April Vanderwal, Jaime Lewis, Janet Basil, Carrie Atzinger, Kimberly Widmeyer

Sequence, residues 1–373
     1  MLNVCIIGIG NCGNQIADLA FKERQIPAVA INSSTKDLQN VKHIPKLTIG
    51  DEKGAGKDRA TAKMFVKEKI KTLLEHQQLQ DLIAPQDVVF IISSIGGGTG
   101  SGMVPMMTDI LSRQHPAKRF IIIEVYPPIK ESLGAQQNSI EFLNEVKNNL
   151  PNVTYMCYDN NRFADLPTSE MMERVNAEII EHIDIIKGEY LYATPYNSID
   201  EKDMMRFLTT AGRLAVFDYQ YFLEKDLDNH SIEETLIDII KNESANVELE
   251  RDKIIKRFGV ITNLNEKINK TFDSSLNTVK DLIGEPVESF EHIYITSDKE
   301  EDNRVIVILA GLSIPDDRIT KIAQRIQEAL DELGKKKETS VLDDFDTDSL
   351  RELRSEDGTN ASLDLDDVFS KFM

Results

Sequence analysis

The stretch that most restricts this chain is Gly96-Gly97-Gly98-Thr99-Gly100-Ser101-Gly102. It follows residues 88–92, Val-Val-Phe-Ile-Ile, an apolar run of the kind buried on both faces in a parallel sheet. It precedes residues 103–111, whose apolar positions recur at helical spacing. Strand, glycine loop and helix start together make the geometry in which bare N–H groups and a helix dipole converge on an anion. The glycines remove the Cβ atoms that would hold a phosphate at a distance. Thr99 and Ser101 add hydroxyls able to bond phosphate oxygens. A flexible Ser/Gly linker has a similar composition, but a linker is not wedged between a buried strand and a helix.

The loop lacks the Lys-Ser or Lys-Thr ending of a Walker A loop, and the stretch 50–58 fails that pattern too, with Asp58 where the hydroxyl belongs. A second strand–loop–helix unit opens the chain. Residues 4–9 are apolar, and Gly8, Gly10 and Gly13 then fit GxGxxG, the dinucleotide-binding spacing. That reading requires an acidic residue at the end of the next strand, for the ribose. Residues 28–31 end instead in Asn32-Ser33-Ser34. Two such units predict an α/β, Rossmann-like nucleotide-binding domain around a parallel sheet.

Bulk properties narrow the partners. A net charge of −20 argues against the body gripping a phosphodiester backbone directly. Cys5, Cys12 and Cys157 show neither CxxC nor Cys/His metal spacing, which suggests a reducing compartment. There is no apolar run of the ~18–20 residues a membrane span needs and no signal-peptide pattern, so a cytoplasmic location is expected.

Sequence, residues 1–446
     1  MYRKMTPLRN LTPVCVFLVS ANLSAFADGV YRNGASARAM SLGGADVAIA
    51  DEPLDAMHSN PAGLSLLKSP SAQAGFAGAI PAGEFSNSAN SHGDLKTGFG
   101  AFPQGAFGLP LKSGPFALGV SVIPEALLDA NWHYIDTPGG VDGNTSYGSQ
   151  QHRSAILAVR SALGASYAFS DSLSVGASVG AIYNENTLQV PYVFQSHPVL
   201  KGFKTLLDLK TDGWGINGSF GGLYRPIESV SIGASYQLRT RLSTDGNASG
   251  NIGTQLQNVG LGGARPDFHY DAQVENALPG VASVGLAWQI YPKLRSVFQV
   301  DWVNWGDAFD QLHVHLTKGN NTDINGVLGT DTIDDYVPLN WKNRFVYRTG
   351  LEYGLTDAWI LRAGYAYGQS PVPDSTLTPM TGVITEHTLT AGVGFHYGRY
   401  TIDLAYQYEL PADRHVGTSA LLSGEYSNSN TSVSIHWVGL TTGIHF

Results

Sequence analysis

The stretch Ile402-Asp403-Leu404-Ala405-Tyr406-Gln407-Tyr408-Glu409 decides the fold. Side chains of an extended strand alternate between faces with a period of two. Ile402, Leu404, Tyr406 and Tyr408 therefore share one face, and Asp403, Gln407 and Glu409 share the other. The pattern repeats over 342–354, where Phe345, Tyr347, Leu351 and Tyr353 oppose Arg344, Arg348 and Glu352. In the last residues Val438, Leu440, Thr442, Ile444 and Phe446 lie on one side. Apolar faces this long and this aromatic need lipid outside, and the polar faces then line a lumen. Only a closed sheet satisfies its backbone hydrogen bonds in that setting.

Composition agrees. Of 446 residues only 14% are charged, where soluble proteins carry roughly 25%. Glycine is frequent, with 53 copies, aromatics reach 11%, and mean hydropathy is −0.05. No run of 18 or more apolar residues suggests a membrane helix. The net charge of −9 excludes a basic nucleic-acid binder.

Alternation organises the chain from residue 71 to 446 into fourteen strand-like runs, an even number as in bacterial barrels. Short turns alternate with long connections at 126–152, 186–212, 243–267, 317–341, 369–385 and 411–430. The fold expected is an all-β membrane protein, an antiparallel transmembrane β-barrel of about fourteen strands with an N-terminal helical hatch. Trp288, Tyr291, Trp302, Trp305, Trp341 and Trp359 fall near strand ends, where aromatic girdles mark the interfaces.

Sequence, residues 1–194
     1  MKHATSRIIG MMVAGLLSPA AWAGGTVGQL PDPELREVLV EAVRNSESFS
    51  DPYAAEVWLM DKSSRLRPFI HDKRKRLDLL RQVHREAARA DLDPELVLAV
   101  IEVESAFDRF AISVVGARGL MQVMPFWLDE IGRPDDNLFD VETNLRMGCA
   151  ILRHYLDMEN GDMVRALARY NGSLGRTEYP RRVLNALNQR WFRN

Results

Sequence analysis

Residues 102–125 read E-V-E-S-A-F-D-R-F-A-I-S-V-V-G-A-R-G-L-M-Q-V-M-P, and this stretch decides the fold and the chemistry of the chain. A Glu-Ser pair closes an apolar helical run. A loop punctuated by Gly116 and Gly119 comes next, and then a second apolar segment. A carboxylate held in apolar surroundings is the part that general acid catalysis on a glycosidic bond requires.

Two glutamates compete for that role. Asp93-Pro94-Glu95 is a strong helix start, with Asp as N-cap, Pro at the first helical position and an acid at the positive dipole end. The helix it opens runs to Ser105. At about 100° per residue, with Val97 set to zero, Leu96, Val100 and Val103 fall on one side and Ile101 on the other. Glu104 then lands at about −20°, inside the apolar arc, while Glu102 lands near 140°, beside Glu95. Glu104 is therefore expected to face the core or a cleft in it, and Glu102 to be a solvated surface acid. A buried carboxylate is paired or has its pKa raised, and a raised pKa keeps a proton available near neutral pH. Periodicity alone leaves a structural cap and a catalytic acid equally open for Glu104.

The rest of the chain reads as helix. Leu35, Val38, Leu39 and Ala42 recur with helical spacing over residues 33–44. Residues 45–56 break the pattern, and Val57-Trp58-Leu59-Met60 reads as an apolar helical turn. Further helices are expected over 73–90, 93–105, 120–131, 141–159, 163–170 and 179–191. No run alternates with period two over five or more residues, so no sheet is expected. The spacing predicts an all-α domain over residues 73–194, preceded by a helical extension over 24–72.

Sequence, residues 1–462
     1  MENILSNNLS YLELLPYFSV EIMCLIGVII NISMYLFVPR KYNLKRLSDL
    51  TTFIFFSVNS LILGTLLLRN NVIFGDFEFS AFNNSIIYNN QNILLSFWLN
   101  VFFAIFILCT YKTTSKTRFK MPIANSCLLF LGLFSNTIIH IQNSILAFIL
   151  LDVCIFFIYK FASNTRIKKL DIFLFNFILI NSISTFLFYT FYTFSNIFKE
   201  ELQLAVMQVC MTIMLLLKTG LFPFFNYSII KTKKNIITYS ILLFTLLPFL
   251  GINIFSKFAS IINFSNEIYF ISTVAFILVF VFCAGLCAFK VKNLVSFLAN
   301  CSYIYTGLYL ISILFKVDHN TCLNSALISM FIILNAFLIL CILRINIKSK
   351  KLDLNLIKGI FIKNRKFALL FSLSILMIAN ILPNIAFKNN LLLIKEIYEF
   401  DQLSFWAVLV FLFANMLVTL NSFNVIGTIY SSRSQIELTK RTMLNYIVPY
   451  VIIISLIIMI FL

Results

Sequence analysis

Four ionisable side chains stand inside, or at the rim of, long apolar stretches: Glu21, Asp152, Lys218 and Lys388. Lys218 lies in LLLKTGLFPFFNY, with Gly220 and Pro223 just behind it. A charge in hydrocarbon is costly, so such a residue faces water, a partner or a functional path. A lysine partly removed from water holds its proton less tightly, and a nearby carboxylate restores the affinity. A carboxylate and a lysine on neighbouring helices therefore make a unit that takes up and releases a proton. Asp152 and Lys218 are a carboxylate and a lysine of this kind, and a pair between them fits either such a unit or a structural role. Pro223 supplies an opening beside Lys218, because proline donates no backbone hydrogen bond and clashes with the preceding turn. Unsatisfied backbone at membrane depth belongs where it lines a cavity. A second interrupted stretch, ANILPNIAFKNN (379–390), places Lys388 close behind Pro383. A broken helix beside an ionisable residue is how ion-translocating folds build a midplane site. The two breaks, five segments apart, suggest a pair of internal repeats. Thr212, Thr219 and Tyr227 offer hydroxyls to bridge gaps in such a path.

Pathogenic variants in moderate penetrance breast cancer susceptibility genes, such as ATM and CHEK2, confer a two- to five-fold increased lifetime risk for breast cancer. The National Comprehensive Cancer Network has guidelines for breast surgeons to utilize when counseling women with pathogenic variants in these genes; however, previous studies indicate that other factors impact breast surgeons' recommendations to patients. This study investigated factors influencing management recommendations presented by breast surgeons to women with pathogenic variants in moderate penetrance breast cancer susceptibility genes. Focus groups and interviews were conducted with breast surgeons practicing in Ohio, Kentucky, and Indiana. A total of 15 breast surgeons from eight different hospitals participated in five focus groups and three individual interviews. Participants discussed factors they consider when making management recommendations for risk reduction in women with pathogenic variants in moderate penetrance breast cancer susceptibility genes. Participants provided risk management recommendations for given scenarios. Patient motivation/opinion, family history, patient current health status, patient personal preference, and patient anxiety level were among the most common factors mentioned. It appeared that how these factors are valued and applied in practice varies. There was no consensus among breast surgeons on which risk-reducing management options they would recommend in each scenario. There are many factors breast surgeons take into consideration when making recommendations for this patient population. This information could inform future research on decision making around treatment for individuals with pathogenic variants in moderate penetrance breast cancer susceptibility genes.
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